Written By: Darren Morris – Corporate Finance
Climate change commonly concerns financial investors through the opportunities to invest in green bonds, green sectors, environment-friendly assets. However, the climate-change issue is now taking another turn. Investors are not only concerned if the companies in which they invest have environmental governances, but if they can be financially impacted by changes in the climate.
In a study published in April 2016 by researchers at the Grantham Research Institute on Climate Change and the Environment at the London School of Economics and Political Science and Vivid Economics, it is estimated that an average of US$2.5 trillion financial assets would be at risk if global surface temperature rises 2.5°C (4.5°F) above its pre-industrial level by 2100. This figure represents 1.8 percent of the world’s financial assets. It also represents 50 percent of the $5 trillion total capitalisation of fossil-fuel companies today.
Of course, even if those sums are large, examples of strong devaluations have already been seen in the past: the market capitalization of the four largest coal producers in the United States has declined by more than 90 percent over the past six years.
But the authors of the Grantham Research Institute study are also very cautious about the assessment made, because of large losses that could still occur:
There is a 1-percent chance that warming of 2.5°C could threaten $24 trillion in assets, or 16.9 percent of global financial assets in 2100.
Limiting warming to 2°C (3.6°F) in 2100 would significantly reduce the “climate value at risk”. The average value of global financial assets at risk would be $1.7 trillion, with a 1-percent chance of $13.2 trillion in assets being at risk.
The costs of reducing greenhouse-gas emissions to limit warming to 2°C would be largely absorbed by the increase in the value of financial assets. Another financial study made by Schroders, the United Kingdom’s largest-listed asset manager, estimated that on average between 15 and 20 percent of company cash flows are at risk because of climate change.
Andy Howard, head of sustainable research at Schroders, declared that investors won’t be able to ignore the impact of climate change. Global warming is a real problem—not just a societal one, but a financial one.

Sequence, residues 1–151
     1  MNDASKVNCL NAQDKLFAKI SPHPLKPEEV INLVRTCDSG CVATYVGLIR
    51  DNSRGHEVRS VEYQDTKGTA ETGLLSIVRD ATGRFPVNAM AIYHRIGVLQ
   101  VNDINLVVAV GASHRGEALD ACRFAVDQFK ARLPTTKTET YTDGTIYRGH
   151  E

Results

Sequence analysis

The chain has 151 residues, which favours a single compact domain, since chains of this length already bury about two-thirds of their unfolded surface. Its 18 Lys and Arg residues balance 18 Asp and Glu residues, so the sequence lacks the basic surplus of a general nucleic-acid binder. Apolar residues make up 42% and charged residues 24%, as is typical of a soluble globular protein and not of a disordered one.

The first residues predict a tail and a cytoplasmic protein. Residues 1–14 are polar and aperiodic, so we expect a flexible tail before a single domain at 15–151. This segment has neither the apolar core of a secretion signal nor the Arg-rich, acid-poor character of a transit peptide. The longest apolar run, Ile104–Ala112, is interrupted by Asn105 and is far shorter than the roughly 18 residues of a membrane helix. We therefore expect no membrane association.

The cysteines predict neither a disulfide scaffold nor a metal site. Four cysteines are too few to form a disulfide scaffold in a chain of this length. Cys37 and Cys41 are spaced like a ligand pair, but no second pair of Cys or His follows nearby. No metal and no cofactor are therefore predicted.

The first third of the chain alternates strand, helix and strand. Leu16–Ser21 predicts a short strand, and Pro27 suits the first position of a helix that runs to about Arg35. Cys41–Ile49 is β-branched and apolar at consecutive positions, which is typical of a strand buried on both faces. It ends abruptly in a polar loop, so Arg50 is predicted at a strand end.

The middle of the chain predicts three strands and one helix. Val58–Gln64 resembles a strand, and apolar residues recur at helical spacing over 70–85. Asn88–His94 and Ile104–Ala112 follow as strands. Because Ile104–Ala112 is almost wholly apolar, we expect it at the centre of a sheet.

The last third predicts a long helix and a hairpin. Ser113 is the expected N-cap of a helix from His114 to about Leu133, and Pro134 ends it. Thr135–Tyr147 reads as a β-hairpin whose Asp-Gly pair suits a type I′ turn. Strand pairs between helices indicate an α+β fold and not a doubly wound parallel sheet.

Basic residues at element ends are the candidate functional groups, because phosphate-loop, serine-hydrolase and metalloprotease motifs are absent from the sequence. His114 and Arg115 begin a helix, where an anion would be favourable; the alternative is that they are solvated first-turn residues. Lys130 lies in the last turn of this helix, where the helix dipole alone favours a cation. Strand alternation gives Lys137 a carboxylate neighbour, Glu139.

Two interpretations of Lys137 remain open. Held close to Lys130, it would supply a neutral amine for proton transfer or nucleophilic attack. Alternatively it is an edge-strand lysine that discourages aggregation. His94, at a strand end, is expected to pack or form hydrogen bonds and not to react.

In fact, if figures are still unknown and difficult to assess, the types of financial impacts that investors could face because of the change in climate are numerous.
For the time being, the most quoted risk for an investor could come from the lack of information in financial statements on the impacts of climate change. One can easily think of the oil companies that could suffer from a progressive decrease of fossil-energy consumption in the world, and the financial impacts on their reserves and activities. They should publish their assessments of the financial impacts to inform investors about potential risks. This does not seem to be clear everywhere.
But it also appears that some communities are now seeking for fossil-fuel companies to take responsibility for natural catastrophes. They are starting to demand that fossil-fuel companies pay climate costs, such as those that result from wildfires and drought. In Canada, the District of Highlands, a municipal area outside Victoria, British Columbia, sent a “climate accountability letter” recently to ask fuel companies to pay their fair shares of natural catastrophes. The assumption that 100 percent of those costs will be charged to taxpayers seems to be being challenged.
Beyond the costs of damages caused by warming climate (floods, droughts, fires), there will be the costs of implementing new infrastructure. In Miami, for instance, the roads have to be elevated above rising sea levels. According to researchers at the Grantham Research Institute, global warming combined with changing rainfall patterns will result in significant investments in the installation of new water techniques and sanitation systems throughout the world. In Africa, losses due to lack of access to quality water and basic sanitation are estimated at about $28.4 billion per year, or nearly 5 percent of gross domestic product (GDP). On the contrary, it is estimated that every dollar invested to improve access to water will result in gains of $3 to $34.
“The financial sector needs to account for the wide range of financial risks posed by climate change,” said Marie-Pascale Des Rosiers, Canada’s press secretary for environment and climate change.
Whether it is to prevent the warming of our planet, change our techniques of producing energy or cure the damages caused by the climate, there is no doubt that investors are now concerned about the material risks around climate change. They are feeling pressured to ensure that the companies in which they invest are well-positioned to transition to a plus-2-degree world.
Important investors (Black Rock, Exxon’s key shareholder, for instance) and pension funds are now demanding that companies assess and take action to protect their business models from climate change. Governments and regulators are also concerned about the financial disclosures of any material impacts that the change of climate can bring. In Canada, for instance, the standards organisation CSA Group recently launched an anonymous survey to check on how companies are disclosing the financial impacts of climate change in their financial statements.
There is no doubt that climate change’s financial impacts will be among the utmost preoccupations of the financial sector in the future.